When prosecutor Jerry Blackwell asked Frazier about the character of the crowd, she said she did not think they were unruly. She stated no one threatened the officers or became violent with them. Frazier said the only violence she witnessed came from police officers at the scene. She described feeling threatened when Chauvin repeatedly reached for his mace as others tried to move closer to help Floyd.
Frazier’s young cousin also testified Tuesday morning off camera. “I saw an officer put the knee on the neck of George Floyd,” she said, referring to Chauvin. “The ambulance had to push him off of him. ... They had some guys take him off of him.”
When prosecutor Jerry Blackwell asked the girl how she felt about what she saw, she said she was “sad and kind of mad” because she felt as if Chauvin was stopping Floyd’s breathing and hurting him.
Alyssa Funari, who recorded three videos of the encounter with her friend’s phone, also took the stand. Funari told prosecutor Erin Eldridge she stopped to record the incident because what was happening seemed serious. She said Floyd looked like he was fighting to breathe, and knew he would not live if officers continued to pin him down.
Funari stated she saw Chauvin staring at Floyd while he kneeled on him. “I saw him put more and more weight on him. I saw his leg lift off the ground, and his hands go in his pocket,” she said.
Eldridge played for the court a video Funari took where she can be heard calling out to Chauvin, “Why are you kneeing him more?” and “He’s about to knock out.” When asked to explain the statement, Funari said she could see Floyd go unconscious as his eyes rolled to the back of his head.
Nelson attempted to discredit Funari’s recollection, pointing out she told prosecutors that she did not see officers check for Floyd’s pulse but initially told investigators at the scene she had seen officers check for a pulse multiple times. Nelson asked the witness if she was angry, in another attempt to suggest bystanders distracted officers.
Funari said that she was angry but added she did not distract or try to attack officers. “I was upset because there was nothing we could do except watch them take a life in front of our eyes.”
Her friend, a 17-year-old high school student, told the court she arrived with Funari as bystanders were already asking officers to lift Floyd from the pavement. She also said she heard Floyd struggling to breathe and calling out for his mother.
“You could tell he was talking with, like, small—smaller and smaller breaths, and he would spit a little when he would talk, and he would try and move his head to—because he was uncomfortable,” she said.
The final witness called Tuesday was Genevieve Hansen, 27, a Minneapolis firefighter with EMT certifications. Hansen said she approached the scene because she saw flashing lights and heard people yelling.
“I was concerned to see a handcuffed man, who was not moving, with officers with their whole body weight on his back and a crowd that was stressed out,” she said.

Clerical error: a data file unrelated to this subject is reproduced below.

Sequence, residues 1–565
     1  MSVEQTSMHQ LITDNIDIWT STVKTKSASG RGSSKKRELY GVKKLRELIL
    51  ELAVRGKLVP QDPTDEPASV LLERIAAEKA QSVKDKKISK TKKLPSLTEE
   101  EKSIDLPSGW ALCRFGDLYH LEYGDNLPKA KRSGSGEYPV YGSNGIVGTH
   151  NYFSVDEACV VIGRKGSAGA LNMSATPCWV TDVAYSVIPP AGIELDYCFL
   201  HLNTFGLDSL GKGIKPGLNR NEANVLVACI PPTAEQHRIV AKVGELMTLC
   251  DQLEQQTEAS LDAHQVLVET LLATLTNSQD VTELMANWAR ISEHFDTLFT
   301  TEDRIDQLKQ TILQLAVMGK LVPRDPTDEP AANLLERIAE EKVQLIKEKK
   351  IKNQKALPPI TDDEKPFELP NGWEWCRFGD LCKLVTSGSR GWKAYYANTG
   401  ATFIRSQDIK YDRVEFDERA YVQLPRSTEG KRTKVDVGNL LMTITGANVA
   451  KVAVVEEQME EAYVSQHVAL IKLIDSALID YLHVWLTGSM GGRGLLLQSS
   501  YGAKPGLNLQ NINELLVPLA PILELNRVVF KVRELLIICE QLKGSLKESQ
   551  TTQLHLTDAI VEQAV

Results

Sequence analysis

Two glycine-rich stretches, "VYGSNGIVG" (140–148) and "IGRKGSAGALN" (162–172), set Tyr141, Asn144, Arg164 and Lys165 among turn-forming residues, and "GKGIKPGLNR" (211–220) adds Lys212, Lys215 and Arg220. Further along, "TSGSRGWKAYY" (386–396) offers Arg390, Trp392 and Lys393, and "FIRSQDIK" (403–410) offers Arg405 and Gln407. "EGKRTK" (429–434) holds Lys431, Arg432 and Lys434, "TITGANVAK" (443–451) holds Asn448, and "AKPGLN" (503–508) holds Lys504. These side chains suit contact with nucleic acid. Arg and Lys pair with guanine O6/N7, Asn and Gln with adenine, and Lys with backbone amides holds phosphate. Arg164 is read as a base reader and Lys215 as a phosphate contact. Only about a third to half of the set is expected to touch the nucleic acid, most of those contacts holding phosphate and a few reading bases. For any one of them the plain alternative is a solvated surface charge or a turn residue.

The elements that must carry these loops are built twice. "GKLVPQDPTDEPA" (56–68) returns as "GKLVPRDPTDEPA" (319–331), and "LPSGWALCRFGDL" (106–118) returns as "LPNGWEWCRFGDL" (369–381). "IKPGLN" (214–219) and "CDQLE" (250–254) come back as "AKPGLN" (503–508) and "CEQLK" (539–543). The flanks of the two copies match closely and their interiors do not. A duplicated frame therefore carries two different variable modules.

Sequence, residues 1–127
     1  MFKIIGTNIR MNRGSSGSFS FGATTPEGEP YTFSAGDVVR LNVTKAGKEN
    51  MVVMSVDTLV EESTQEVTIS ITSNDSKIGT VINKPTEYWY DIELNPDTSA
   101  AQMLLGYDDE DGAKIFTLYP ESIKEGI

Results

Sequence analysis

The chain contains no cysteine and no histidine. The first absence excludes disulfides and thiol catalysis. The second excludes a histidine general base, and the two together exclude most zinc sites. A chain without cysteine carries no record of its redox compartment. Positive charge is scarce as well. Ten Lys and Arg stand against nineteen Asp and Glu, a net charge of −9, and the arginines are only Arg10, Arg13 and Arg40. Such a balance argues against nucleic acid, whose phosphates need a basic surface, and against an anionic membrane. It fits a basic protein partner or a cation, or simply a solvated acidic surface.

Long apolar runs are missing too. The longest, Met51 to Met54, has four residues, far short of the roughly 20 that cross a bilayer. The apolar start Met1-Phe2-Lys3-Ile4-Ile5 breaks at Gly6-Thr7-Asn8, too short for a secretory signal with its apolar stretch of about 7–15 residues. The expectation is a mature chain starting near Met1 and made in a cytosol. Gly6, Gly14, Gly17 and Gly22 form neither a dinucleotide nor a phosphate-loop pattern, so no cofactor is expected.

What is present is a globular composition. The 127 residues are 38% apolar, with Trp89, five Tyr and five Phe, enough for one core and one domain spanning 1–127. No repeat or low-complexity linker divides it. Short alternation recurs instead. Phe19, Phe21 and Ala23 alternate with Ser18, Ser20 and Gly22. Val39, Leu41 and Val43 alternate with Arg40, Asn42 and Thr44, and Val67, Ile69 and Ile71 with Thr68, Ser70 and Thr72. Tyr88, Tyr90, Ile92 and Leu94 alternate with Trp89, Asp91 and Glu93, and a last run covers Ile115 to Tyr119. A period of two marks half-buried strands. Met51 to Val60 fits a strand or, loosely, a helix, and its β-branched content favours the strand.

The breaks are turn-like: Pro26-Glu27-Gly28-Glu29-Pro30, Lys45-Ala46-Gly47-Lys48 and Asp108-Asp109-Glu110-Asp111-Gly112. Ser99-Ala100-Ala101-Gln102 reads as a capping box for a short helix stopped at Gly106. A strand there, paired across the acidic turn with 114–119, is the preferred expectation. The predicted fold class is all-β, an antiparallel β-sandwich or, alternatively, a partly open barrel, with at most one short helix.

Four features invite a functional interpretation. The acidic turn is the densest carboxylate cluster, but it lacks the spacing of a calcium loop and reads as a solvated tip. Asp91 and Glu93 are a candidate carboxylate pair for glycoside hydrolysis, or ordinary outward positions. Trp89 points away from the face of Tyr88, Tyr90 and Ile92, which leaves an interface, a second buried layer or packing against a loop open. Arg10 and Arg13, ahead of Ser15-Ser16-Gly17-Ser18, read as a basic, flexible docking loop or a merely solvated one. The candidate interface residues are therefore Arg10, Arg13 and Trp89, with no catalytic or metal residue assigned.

Hansen said that she recognized Chauvin from a call she responded to the previous day. As Hansen approached, she recalled that Chauvin “seemed very comfortable with his weight on Mr. Floyd” and had his hand in his pocket.
Hansen said that she was immediately concerned for Floyd because he was not moving, and his face looked swollen. She testified that she could tell Floyd was not conscious because he was not responding to painful stimuli, such as having a knee pressed into his neck. She was not on duty but immediately identified herself as a firefighter because she thought Floyd needed medical attention.
In a video played for the court, Hansen is heard begging officers to check Floyd’s pulse. She insisted that she was trained to give medical assistance, but officers did not let her intervene at the scene.
“There was a man being killed,” Hansen testified. “I would have been able to provide medical attention to the best of my abilities, and this human was denied that right.”
In a recording of a 911 call Hansen made following the incident, she said, “I literally watched police officers not take a pulse and not do anything to save a man.”
While under cross-examination, Nelson asked Hansen if the crowd of bystanders was “angry” and “upset,” expanding on his earlier narrative that the crowd was threatening to officers. Hansen became visibly upset and replied, “I don’t know if you’ve seen anybody be killed, but it’s upsetting.”
Nelson tried to poke holes in her testimony, drawing on her own experience as a firefighter to suggest that she should have assumed that police had already called for medical assistance because it was protocol. He also scrutinized Hansen’s statement that she gave to investigators after Floyd’s death, leading to an argument breaking out between the pair.
Judge Cahill excused the jury and told Hansen she must answer questions directed at her without arguing with Nelson. Cahill told Hansen to return Wednesday morning, when the trial will continue.